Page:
This NZ Music Month collection showcases NZ music television, spun from a playlist of classic documentaries and beloved music shows. From Split Enz to the NZSO, Heavenly Pop Hits to Hip Hop New Zealand, whether you count the beat or roll like this, there’s something here for all ears (and eyes). Plus music writer Chris Bourke gets Ready to Roll with this pop history primer.
Before X Factor there was New Faces, before Masterchef ... Graham Kerr, before Country Calendar there was ... er, Country Calendar. This collection picks the screen gems from the decade that gave Kiwi pop culture, "miniskirts, teenagers — and television." Peter Sinclair, Sandy Edmonds, Howard Morrison, and Ray Columbus star. Do your mod's nod and C'mon!
This consolidating episode of the archive-based New Zealand history series finds World War II at an end, the return of Kiwi servicemen and the country in an optimistic mood. That's sealed by the 1950 British Empire Games where New Zealand is third on the medal table. But rising prices and low incomes lead to more militant unionism, culminating in the fractious waterfront workers dispute of 1951. At the same time there's a new flowering of the arts. The New Zealand Symphony Orchestra is established and a new generation of writers and artists take centre stage.
New Zealand's unique accent is often derided across the dutch for its vowel-mangling pronunciation ("sex fush'n'chups", anyone?) and being too fast-paced for tourists and Elton John to understand. In this documentary Jim Mora follows the evolution of New Zealand English, from the "colonial twang" to Billy T James. Linguist Elizabeth Gordon explains the infamous HRT (High Rising Terminal) at the end of sentences, and Mora interprets such phrases as "air gun" ("how are you going?"). Lynn of Tawa also features, in an accent face-off with Sam Neill and Judy Bailey.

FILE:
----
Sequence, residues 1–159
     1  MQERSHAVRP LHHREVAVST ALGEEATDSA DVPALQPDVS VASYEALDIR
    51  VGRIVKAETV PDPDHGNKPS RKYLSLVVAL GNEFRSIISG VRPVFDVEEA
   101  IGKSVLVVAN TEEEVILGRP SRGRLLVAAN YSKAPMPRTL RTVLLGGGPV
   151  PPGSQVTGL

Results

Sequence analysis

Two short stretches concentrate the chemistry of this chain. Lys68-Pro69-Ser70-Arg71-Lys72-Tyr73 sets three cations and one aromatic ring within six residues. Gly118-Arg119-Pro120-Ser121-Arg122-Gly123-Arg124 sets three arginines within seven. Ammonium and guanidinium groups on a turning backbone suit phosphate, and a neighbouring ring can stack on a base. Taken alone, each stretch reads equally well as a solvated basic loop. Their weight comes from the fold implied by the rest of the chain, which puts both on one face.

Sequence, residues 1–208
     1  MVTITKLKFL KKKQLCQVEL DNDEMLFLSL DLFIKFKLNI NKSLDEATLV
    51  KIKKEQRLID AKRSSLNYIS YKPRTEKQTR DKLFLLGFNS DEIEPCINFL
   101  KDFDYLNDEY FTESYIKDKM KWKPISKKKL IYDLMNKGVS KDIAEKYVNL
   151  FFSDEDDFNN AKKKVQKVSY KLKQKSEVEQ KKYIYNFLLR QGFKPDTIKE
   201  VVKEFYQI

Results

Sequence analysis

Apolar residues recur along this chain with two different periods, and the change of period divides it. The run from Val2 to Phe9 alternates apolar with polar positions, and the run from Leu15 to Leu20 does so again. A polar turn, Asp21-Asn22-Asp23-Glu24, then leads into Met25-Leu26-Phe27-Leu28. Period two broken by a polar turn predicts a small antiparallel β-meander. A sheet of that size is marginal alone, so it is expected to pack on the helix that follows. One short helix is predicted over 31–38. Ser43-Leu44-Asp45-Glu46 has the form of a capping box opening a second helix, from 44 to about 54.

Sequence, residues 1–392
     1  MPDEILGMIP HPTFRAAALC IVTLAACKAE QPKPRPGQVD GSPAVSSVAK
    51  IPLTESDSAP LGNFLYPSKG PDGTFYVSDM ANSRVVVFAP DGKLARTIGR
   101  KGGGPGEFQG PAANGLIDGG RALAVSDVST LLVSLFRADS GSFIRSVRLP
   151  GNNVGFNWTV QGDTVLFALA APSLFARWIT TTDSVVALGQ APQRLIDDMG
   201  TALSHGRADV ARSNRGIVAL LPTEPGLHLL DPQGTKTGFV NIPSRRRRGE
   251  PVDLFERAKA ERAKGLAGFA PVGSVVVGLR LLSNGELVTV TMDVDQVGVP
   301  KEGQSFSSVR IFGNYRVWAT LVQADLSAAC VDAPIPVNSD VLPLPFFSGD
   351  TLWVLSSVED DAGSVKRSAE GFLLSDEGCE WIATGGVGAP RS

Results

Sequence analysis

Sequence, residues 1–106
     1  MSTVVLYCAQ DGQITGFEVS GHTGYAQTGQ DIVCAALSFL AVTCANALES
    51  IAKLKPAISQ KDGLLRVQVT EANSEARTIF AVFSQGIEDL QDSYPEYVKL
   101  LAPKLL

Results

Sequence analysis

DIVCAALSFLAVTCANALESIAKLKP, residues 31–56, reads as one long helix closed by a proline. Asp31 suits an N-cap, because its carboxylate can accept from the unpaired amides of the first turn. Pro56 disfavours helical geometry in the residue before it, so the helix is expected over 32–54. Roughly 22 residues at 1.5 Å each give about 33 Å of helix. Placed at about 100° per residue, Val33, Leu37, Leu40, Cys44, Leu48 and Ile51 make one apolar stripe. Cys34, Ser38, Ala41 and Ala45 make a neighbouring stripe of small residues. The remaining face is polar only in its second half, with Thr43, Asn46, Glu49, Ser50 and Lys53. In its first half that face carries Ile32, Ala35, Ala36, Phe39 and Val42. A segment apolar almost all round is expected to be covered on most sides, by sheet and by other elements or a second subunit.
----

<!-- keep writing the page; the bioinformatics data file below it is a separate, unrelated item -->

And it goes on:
"We are New Zealand - it's you and I" sings Minuit's Ruth Carr as images of everyday New Zealanders flash up on the screen. Directed by band member Paul Dodge, Minuit's video for 'Aotearoa' is a nostalgic trip through the archives — a celebration of NZ history starting with images of people and places, including Rangitoto, the Pink Terraces, Greytown's historic Revington's hotel through to Sir Edmund Hillary, Aunt Daisy and Ernest Rutherford, as well as national tragedies, protests and hikois — and even the six o'clock swill gets a look in.
Star interviewer Brian Edwards talked to the sons and daughters of well known New Zealanders in this six part series. Edwards could be a tough interrogator, but his brief here was to explore the pressures placed on the families of the famous without blindly perpetuating public images, or turning the interviews into inquisitions. The subjects (and their famous parents) were Kit Toogood (Selwyn Toogood), John Kirk (Norman Kirk), Donna Awatere (Arapeta Awatere), Barbara Basham (Aunt Daisy), Helen Sutch (Bill Sutch) and John and Hilary Baxter (James K Baxter).
During a broadcasting career spanning more than three decades, versatile producer/director Peter Morritt produced and directed a run of shows for state television, from current affairs to talk shows, including the first two seasons of Fair Go. London-born Morritt retired in 1996.
Heather Bolton impressed critics with one of her earliest screen performances: as the heroine battling a haunted car in Gaylene Preston's 1985 debut feature Mr Wrong. Bolton won a GOFTA award for her pains, then scored more awards for smaller roles in romance Arriving Tuesday and goldmining classic Illustrious Energy. After starring as the legendary radio host in touring stage show Aunt Daisy! The Musical (1991), she relocated to Australia. Since then Bolton has taken on more screen roles — including co-starring in a 2007 movie adaptation of Hamlet — while creating and acting in plays for Melbourne's Ranters Theatre.
Keith Hawke was behind the camera on landmark TV series Tangata Whenua, and many other productions besides. In the 80s he reinvented himself in Asia as a director/producer of television and corporate videos, working in Hong Kong, Singapore and Malaysia.
For many viewers Susan Wilson will always be Beryl — the straight-talking but goodhearted office worker she played across five series of Gliding On, and its short-lived sequel Market Forces. Her work in television also includes Close To Home, Mortimer's Patch, and a starring role as Aunt Daisy in an episode of Pioneer Women. Wilson won the Feltex Award for Best Actress in 1982. Earlier (in 1976) she was one of the founders of Wellington's Circa Theatre, where she continues a long career as a stage actor and director. In 2001 Wilson was named an Officer of the New Zealand Order of Merit, for services to theatre.